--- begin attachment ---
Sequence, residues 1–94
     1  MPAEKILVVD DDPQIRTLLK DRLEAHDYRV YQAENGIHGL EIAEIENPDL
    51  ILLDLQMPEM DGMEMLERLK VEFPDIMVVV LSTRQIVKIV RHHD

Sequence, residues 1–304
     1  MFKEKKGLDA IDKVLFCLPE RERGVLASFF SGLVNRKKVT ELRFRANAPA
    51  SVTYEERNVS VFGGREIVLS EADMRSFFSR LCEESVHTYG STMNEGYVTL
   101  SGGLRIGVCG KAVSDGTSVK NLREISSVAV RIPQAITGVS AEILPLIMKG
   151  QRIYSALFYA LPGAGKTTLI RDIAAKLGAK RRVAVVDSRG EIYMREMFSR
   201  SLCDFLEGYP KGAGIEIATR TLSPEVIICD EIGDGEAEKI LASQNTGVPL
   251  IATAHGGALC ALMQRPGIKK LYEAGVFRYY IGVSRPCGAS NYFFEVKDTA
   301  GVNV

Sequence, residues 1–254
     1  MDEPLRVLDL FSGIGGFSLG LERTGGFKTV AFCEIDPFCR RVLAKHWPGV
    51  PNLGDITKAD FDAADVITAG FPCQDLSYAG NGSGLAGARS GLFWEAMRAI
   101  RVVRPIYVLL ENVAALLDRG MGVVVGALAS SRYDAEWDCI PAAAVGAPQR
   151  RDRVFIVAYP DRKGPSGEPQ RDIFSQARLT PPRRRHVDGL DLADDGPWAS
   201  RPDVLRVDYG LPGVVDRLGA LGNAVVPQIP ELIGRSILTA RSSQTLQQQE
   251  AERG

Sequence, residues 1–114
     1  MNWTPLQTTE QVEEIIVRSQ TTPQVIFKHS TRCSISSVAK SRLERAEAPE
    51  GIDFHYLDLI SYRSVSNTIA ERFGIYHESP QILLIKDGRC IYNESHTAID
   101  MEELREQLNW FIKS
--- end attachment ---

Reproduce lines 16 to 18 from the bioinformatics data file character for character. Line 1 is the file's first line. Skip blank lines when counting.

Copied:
   151  RDRVFIVAYP DRKGPSGEPQ RDIFSQARLT PPRRRHVDGL DLADDGPWAS
   201  RPDVLRVDYG LPGVVDRLGA LGNAVVPQIP ELIGRSILTA RSSQTLQQQE
   251  AERG